Legos. Yes, sometimes I might curse them under my breath when I step on an errant piece. But otherwise, they are the stuff of dreams in our house. I don't think I played with Legos very much when I was little, but my brother definitely did. He has donated his old Legos to us for now, and when my boys were itty bitty, I guess I thought about this amorphous category of toys (Legos) similarly to how I think of blocks - you use them to build things.
We were first given mega blocks, and then duplos. Seth started to play with them in much the way I imagined: to build towers. When he was four, he got his first Lego kit - a rocket ship. I remember thinking, "oh, we will just play with the pieces, but there's no way he's going to be able to follow directions." Imagine my surprise after an afternoon spent with Seth, when he followed the directions in the booklet without a ton of assistance from me. More amazingly, he didn't get frustrated while building.
Fast forward three and a half years and Legos have become quite the institution in our house. Evan, and then later the girls, went through the mega blocks/duplo tower building stage. But in the last year, Evan has caught up to Seth in leaps and bounds. The boys still like to free build with the loose blocks we have, but they love Lego kits. With a passion! When they get a kit, first thing they do is pore over the box from all angles. They try to figure out exactly what this kit is going to do. Then they come up with a plan - either they alternate a certain number of steps, or they alternate bags. They possess this curious reserve of diplomacy skills and cooperation when building Lego kits together that is not otherwise observed. It is awesome.
I know there are lots of articles written about how great Legos are for so many different academic skills, and I believe it! Heck, my husband teaches a whole section on Lego programming in his computer science classes. High schools have Lego robotics teams, and on and on. The boys build the kits, and then they construct elaborate play scenes with them. It doesn't really bother me that some of these are "battle" scenes; I think such pretend play is a normal part of children's development, as long as it is tempered with lots of others categories of pretend play.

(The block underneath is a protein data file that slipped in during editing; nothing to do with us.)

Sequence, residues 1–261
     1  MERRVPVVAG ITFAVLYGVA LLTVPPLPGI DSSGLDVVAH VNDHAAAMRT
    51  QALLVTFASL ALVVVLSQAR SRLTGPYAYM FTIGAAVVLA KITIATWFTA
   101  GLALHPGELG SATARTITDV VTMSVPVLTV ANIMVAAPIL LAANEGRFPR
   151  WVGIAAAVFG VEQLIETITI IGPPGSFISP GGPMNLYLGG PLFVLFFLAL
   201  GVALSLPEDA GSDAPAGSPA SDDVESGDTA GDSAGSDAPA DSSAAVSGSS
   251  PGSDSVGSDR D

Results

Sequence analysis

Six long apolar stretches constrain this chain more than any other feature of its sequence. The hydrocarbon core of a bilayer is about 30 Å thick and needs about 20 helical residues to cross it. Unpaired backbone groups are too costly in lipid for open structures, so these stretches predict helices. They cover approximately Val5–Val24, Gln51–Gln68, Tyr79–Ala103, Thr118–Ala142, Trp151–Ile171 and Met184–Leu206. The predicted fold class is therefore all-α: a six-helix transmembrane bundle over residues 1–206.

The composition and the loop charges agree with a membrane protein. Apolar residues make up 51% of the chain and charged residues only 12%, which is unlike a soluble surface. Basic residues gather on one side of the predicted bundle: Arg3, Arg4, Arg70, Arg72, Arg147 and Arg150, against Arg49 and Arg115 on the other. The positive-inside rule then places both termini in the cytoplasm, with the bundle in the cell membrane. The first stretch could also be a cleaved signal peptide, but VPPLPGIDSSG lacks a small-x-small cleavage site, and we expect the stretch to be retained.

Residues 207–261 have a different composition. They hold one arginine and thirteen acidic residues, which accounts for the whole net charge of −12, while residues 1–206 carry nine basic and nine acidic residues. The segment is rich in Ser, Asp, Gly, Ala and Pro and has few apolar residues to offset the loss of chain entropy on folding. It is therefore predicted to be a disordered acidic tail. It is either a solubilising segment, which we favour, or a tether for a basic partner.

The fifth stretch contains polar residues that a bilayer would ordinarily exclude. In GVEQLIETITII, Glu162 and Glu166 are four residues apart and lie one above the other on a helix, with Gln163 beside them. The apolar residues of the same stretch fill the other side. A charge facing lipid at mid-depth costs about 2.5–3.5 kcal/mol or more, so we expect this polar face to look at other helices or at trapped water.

But what to do with all the Legos? Anyone who knows me even a little bit knows that I have a fondness for organization. Ahem. So naturally, I've tried to bring some semblance of order to our Lego collection. Trays, shelving, boxes, bins. Just enough so we know where the different sets are and can carry them up and down the stairs easily. Nothing to stifle creativity. I promise.
The boys have started to set up all their different Legos into villages and battle scenes. It's really quite endearing. At times, we might sigh a little bit as we long jump over Batman's lair, but really, so creative!
Duplos are still in the mix, too, especially with Nora and Maya.
And the girls, oh how they want to be old enough to build Lego kits! They are surprisingly gentle with their brothers' sets, wanting to be part of the action. They are learning from watching, and the boys have put together a couple sets for them that they get to play with. It will be even more fun as they are able to build with the kits - I'm imagining lots of fun mornings and afternoons to come with all four kids gathered around their Legos.
It's a privilege to watch our children's interests and skills grow and develop. Legos seem to be encouraging engineering skills, imagination, and cooperation (well worth the occasional eye-twitching from me after a particularly frustrating day of Lego block retrieval). If you're looking for any of our kids on a particular day, it's a good bet at least one of them will have a Lego in hand. And we're more than okay with that.